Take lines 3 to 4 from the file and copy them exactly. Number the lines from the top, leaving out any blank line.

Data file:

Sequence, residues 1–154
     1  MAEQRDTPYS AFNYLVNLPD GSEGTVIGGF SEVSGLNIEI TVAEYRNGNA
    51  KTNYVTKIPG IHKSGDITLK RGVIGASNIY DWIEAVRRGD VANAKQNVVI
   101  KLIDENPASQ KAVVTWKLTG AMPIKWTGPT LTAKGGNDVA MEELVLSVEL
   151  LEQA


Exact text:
    51  KTNYVTKIPG IHKSGDITLK RGVIGASNIY DWIEAVRRGD VANAKQNVVI
   101  KLIDENPASQ KAVVTWKLTG AMPIKWTGPT LTAKGGNDVA MEELVLSVEL